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Frequently people use you when they mean me or I.
There seems to be a psychological deflection mechanism,
perhaps because identity is a scarce commodity these days.
 
Cheers,
Peter
----- Original Message -----
From: [log in to unmask] href="mailto:[log in to unmask]">Chokh Raj
To: [log in to unmask] href="mailto:[log in to unmask]">[log in to unmask]
Sent: Tuesday, July 10, 2007 6:48 AM
Subject: Re: a Jeremiah sighting?

Diana,  I'm sorry to be stating the obvious but one could use "you" 
as an impersonal pronoun too as in "You never know."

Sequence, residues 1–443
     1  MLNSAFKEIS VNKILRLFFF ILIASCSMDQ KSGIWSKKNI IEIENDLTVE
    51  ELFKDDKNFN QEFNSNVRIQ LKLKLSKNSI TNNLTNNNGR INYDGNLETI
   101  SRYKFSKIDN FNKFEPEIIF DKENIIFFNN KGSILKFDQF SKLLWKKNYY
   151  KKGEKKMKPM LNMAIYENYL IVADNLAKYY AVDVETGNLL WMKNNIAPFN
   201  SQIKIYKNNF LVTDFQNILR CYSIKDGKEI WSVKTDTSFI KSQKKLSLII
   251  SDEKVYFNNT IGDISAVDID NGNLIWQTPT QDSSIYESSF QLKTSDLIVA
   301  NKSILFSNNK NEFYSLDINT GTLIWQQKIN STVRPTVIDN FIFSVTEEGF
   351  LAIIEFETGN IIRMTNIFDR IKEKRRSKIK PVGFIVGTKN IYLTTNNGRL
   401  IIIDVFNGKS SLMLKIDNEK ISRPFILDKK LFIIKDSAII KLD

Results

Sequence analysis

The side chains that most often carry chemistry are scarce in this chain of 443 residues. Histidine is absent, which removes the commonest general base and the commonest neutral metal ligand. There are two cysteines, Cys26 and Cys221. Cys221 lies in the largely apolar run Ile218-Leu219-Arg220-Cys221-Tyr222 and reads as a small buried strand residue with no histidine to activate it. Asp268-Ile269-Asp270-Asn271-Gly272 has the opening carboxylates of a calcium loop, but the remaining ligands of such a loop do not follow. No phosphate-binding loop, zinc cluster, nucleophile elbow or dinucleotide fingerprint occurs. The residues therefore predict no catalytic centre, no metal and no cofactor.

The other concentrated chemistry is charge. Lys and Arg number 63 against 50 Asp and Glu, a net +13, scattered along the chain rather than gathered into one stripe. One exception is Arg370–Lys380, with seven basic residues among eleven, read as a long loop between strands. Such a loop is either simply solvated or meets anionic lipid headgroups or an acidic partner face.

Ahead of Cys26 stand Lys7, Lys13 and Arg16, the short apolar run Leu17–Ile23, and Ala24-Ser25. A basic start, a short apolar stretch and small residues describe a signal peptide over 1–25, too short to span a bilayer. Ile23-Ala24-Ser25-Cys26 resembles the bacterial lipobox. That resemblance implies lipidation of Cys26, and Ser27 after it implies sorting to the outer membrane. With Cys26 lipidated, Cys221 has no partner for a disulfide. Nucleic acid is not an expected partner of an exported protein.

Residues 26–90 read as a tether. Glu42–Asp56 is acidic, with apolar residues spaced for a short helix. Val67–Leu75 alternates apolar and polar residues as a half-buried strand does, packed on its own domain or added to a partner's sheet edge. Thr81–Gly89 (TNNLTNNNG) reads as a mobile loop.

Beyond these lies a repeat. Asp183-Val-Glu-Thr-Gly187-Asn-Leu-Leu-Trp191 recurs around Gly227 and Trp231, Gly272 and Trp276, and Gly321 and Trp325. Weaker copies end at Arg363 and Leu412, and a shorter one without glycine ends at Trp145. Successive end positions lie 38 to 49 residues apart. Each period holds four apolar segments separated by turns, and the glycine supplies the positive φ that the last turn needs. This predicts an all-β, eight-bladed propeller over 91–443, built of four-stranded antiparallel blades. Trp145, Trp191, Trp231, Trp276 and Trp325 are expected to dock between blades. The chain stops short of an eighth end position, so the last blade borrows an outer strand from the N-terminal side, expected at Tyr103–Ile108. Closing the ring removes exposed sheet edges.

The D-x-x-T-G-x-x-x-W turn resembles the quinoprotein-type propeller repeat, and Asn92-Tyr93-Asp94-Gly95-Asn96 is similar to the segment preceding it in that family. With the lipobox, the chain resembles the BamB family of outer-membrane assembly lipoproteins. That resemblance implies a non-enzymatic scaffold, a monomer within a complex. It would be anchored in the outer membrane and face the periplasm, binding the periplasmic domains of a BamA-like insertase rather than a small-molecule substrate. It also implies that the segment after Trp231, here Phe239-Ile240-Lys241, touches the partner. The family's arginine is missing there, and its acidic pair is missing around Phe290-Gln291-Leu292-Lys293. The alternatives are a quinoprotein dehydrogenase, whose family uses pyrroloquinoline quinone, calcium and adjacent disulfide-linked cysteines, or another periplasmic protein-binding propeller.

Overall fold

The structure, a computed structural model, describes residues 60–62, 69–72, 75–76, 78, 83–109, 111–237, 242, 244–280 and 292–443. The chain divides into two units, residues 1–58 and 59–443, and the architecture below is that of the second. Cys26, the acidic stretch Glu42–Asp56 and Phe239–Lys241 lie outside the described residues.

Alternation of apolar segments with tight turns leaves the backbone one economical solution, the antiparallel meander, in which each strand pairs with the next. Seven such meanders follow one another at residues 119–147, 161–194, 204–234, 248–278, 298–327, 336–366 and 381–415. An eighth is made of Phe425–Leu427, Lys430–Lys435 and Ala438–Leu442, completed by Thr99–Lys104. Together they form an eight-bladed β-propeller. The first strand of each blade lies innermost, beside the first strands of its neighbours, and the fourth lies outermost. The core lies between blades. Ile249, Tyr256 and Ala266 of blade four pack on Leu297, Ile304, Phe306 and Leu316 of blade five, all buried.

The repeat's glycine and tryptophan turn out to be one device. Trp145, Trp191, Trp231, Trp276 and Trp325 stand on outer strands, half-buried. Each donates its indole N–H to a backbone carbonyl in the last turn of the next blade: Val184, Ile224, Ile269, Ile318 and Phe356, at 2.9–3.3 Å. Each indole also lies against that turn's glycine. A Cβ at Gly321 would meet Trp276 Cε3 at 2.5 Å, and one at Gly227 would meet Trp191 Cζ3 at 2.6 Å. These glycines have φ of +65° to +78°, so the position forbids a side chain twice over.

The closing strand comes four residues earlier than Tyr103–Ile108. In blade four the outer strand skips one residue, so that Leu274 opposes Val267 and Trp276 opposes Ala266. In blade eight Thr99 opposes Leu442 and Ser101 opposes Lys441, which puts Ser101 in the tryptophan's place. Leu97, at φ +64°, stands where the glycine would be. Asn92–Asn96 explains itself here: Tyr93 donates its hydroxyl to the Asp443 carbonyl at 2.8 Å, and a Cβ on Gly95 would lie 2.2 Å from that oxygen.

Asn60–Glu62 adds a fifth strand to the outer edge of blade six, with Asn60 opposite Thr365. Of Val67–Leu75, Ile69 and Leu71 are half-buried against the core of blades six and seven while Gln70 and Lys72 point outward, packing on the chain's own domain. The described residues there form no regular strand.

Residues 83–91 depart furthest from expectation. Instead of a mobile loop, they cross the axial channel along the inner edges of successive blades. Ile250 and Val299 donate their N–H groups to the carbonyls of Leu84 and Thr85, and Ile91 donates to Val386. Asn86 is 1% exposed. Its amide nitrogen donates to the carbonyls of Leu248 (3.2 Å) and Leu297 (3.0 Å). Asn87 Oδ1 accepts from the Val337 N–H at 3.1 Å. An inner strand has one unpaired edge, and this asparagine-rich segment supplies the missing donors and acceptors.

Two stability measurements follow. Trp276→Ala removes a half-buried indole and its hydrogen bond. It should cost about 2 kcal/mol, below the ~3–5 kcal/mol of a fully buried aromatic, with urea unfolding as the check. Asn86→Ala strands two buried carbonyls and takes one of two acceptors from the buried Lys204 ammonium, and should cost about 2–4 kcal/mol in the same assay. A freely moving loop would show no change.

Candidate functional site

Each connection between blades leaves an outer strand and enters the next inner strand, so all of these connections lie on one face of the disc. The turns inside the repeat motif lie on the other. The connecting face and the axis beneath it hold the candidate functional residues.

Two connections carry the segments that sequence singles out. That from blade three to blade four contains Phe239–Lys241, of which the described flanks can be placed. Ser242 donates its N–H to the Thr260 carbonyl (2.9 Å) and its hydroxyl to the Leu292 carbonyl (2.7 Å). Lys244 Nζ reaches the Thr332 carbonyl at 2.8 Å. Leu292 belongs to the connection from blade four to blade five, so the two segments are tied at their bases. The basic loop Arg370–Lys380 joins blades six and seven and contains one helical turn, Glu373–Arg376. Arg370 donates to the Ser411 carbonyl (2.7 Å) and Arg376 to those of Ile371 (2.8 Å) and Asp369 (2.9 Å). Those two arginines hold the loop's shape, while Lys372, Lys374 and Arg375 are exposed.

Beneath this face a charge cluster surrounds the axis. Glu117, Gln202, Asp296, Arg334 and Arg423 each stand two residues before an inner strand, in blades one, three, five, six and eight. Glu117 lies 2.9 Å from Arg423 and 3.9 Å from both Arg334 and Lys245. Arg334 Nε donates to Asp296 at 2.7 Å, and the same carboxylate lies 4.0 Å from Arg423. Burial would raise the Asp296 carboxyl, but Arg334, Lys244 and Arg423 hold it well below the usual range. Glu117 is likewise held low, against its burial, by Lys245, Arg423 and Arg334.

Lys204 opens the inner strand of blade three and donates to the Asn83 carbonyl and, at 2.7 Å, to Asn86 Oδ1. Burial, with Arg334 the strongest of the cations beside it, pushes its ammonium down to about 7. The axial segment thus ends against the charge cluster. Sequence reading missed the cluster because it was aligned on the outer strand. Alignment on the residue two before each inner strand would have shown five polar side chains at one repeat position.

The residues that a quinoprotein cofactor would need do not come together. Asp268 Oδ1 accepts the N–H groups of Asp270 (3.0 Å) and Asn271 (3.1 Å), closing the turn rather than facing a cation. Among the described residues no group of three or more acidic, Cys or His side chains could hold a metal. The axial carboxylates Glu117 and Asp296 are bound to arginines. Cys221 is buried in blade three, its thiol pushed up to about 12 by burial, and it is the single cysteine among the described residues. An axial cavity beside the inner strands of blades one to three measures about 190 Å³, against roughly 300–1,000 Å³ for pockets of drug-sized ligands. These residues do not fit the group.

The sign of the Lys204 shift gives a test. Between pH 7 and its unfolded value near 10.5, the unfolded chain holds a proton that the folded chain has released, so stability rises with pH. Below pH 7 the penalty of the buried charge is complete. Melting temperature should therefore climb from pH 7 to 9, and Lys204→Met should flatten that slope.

Please mark the second definition below from Dictionary.com :
 
1. the pronoun of the second person singular or plural, used of the
   person or persons being addressed, in the nominative or objective
   case: You are the highest bidder. It is you who are to blame. We
   can't help you. This package came for you. Did she give you the book?
 
2. one; anyone; people in general: a tiny animal you can't even see.
 
Regards,
 
CR
 
[BTW, there was a contingency that made me change my e-mail ID.
 The List will kindly excuse me.]


Diana Manister <[log in to unmask]> wrote:
With regard to "there you feel free," Eliot certainly could have used "we" or "man" as a correct translation of "Mann". His choice of "you" is telling, as are all of his word choices. Diana


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